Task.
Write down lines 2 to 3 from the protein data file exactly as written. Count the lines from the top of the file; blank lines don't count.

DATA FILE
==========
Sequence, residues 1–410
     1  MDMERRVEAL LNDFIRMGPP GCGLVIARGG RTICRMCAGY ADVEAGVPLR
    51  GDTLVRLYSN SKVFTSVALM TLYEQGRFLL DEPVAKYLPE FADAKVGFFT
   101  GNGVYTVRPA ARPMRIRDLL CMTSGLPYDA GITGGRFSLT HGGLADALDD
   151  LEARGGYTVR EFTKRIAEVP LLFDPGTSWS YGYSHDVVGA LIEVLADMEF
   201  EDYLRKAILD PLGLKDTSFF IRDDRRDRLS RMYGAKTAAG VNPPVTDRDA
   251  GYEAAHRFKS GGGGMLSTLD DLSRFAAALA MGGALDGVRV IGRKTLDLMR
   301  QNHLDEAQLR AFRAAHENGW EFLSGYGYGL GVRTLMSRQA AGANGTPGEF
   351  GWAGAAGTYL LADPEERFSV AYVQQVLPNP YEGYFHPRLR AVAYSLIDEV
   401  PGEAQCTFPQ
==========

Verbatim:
     1  MDMERRVEAL LNDFIRMGPP GCGLVIARGG RTICRMCAGY ADVEAGVPLR
    51  GDTLVRLYSN SKVFTSVALM TLYEQGRFLL DEPVAKYLPE FADAKVGFFT